Salt Prints vs. Albumen
What are the practical differences between salt and albumen prints? The ingredients (excluding albumen, of course) are more or less the same, and the chemical reactions are the same. Are albumen prints just glossy salt prints and nothing more?
Are there any other advantages of albumen over salt (or maybe the other way around), apart from the glossy finish?
Actually, what I'm trying to ask is: "if I wanted to try out one of these processes, which one should I start with, and why?"
And, while we're at it, how do they compare to vandyke prints? I've been playing with vandyke for a while, and I think I can control it pretty well now, and I can get nice prints quite easily. Is there any good reason to switch to salt or albumen? By good reason I don't mean slight differences in color (pinkish salt prints versus brown vandykes), or glossy versus matte finish, but rather contrast control, d-max, detail and gradations, print permanence, etc.
Last edited by Vlad Soare; 03-04-2011 at 06:42 AM. Click to view previous post history.
Salt prints will be easier to do because they don't require aging albumen. Your house won't smell of slightly rotten eggs.
Or you could buy albumen coated paper from Alt Photo Products. I'd go with salt prints or van Dyke, first, though.
salt prints require a negative with higher contrast.
i don't think you need such extreme contrast with albumen,
and ( for albumen) you can probably use the same negatives you have been using for vdb.
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I have found that albumen prints appear a bit sharper than salt prints. Also, some albumen prints I made about 15 years ago have yellowed, while salt prints made at the same time are fine. Both those processes require gold toning to get rid of the rather unpleasant orange color they exhibit without toning, although others may disagree. And I didn't detect any odor coming from the aged albumen. Perhaps because it's just the whites, or perhaps because of the small addition of acetic acid. BTW, I've found found palladium printing to be the easiest, most predictable of all the old processes. Think about it, no fixer!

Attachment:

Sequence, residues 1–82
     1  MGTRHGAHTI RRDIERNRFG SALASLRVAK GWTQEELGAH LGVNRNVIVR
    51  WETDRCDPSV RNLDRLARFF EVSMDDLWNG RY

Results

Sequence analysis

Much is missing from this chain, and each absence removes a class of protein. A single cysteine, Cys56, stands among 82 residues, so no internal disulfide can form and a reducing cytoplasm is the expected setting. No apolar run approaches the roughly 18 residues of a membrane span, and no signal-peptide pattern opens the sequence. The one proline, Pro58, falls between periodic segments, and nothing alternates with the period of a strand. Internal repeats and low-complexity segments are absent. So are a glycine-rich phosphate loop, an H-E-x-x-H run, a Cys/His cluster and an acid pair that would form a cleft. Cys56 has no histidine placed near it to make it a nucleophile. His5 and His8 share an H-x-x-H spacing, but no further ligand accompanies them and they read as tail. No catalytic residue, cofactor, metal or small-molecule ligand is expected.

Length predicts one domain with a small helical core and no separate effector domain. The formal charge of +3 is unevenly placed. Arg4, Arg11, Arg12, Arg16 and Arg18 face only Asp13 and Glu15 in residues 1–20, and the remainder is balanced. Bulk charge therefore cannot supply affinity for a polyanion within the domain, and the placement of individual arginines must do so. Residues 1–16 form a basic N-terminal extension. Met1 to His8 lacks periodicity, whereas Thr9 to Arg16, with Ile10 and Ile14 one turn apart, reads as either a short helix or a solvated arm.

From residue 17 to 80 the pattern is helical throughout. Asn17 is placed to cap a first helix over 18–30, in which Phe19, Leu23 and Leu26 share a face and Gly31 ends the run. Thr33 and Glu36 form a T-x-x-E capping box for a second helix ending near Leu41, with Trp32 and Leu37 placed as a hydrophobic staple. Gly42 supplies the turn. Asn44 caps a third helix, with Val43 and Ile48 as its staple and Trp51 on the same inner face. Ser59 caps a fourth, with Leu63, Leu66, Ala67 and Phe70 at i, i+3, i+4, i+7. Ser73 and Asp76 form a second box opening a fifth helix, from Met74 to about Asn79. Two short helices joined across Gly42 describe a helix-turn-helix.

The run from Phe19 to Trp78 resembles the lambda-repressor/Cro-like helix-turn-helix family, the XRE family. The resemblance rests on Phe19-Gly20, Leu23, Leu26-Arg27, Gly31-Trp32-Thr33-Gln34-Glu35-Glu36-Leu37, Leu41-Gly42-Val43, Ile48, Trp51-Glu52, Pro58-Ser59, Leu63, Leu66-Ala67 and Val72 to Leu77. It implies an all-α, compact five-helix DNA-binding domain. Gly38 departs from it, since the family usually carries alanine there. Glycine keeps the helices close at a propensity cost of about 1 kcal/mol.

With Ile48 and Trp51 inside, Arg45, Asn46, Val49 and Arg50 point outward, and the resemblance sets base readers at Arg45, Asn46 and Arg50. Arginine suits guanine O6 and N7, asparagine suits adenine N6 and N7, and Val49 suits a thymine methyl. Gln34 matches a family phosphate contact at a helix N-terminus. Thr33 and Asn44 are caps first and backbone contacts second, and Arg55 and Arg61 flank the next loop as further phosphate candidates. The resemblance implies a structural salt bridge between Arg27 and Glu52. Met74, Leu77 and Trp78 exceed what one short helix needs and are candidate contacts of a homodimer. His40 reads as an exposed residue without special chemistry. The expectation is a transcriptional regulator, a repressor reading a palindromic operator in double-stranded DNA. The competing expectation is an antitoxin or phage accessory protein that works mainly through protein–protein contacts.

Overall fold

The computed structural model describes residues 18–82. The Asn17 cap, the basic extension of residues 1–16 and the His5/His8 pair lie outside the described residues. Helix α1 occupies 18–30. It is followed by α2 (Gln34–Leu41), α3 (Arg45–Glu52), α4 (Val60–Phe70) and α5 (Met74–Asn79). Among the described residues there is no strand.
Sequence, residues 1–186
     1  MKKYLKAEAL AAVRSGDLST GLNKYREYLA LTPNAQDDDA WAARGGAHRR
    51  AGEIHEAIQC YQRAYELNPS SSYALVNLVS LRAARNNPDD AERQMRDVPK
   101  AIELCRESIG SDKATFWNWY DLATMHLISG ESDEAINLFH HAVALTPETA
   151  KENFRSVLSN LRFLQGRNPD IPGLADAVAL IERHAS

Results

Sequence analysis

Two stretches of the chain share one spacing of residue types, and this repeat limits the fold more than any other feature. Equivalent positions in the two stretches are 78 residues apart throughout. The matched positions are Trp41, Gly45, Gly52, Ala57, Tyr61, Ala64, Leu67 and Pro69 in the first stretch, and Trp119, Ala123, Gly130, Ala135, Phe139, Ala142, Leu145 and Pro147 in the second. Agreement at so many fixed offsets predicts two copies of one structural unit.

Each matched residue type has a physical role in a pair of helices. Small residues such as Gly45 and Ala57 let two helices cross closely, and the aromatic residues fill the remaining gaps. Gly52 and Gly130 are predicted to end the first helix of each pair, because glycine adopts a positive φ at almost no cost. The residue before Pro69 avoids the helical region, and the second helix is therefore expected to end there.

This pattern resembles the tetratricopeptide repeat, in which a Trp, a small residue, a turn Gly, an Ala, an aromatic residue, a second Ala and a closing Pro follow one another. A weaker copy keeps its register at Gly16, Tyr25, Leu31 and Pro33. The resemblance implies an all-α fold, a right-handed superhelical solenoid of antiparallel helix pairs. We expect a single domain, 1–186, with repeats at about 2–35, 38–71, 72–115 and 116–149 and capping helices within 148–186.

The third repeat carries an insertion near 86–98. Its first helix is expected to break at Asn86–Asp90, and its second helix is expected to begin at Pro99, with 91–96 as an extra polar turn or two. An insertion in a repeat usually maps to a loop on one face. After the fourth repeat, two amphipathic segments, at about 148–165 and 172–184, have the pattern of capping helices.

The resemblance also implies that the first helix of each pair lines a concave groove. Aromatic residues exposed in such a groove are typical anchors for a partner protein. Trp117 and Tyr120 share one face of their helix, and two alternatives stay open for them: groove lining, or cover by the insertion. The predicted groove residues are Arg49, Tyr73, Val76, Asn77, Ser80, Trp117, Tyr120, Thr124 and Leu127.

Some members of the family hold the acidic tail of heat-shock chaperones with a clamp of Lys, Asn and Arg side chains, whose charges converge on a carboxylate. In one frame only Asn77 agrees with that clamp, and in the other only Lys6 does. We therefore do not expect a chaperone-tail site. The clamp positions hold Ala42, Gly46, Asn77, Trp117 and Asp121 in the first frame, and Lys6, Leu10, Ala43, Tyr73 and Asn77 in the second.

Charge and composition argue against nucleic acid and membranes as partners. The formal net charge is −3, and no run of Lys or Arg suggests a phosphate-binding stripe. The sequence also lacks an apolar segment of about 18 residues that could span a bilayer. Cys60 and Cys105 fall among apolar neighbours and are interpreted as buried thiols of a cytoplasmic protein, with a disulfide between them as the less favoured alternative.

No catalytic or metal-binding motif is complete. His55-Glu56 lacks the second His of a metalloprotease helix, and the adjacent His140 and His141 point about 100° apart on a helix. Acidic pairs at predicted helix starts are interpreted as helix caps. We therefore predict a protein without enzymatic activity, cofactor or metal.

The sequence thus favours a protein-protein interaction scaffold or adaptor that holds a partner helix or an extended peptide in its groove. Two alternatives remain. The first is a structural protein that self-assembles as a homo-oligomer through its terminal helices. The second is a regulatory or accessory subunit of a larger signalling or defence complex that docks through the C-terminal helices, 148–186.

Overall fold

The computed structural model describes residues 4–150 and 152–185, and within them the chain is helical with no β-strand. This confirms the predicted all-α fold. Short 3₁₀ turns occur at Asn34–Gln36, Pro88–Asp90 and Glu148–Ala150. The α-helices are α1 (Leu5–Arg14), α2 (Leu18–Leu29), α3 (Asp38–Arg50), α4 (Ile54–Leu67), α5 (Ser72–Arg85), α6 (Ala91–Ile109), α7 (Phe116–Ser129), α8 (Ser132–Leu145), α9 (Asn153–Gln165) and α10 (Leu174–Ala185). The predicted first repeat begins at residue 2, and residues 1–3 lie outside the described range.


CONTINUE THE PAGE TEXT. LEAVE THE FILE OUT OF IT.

Platinum/Palladium is quite easy. Even easier is Ziatype, which is a variant on Palladium. Ziatypes are printing-out images, instead of develop-out, so they're really very much what-you-see-is-what-you-get. And they have the added bonus of being able to adjust not only the contrast but also the image tone with chemistry. You can add gold chloride, sodium tungstate, or ammonium dichromate to control contrast and color. If you go heavy on the gold chloride, you can even produce a purple image.
Albumen prints will definitely be sharper than salt prints because the salt emulsion is IN the paper, thus the paper texture has an impact on image resolution. With albumen, the emulsion sits on top of the albumen layer and is not absorbed into the paper fibers. If you want sharpness, then albumen is the way to go - if you want something a bit more textural and less literal, salt prints would be better.
Yes, albumen prints are sharper than their salt predecessors. In fact, that is the reason workers began experimenting with albumen.
They do require the same DR if they are to be printed well and easily. The oldest negative i have printed with salt was from the 1840's,a paper negative. Shadow density=.32, HL density = 2.6.
Since printing that negative for a museum I make my negatives match the shadow density and DR as closely as possible. As a result, no contrast manipulation is needed.
These two processes are like all others, if the correct negative is produced, the printing is relatively easy.
Although I have a very high intensity UV source, if I want a 19th century look, I use the sun.
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Originally Posted by Jim Noel
Could you talk a little on how the looks differ? Does this change show in the other processes mentioned?
when using a UV source your prints will come up faster and from what we have seen (wife and I) the contrast is different (higher with a uv source than sun). The recommendation for printing w/ sun is placing your contact frame in shadow versus direct sunlight. having done all the above (sun, shadow, uv source) it really depends on what your negative looks like. We shoot collodion and film, colldion negatives are easier to print to a traditional (alternative) paper process. When shooting film I originally just shot for alternative printing, now I'll shoot a few negatives (one for alternative and the other for sodium chloride paper.
In our processing, because we live in Central Germany and sunlight from october thru March sucks, we have elevated our uv source further from contact frame in an attempt to process less harshly, this extends our exposure, slowing down the 'development' allowing the process to self mask. the long and short, it is difficult to explain but easy to see. Do a few prints and play around, get the experience and judge for yourself. For us the differences from UV to sunlight is very easy to see (due primarily to our location - winter time sunlight exposures can take upwards of two days and that is in direct sunlight). Based on your posted location of Ohio, I'm sure you will have different results than outs. I have egg whites in the fridge that are close to a year old, not a bad smell (wife hasnt told me to make more or thrown it out - that's my reference point :-) )
Last edited by 77seriesiii; 03-06-2011 at 03:06 AM. Click to view previous post history.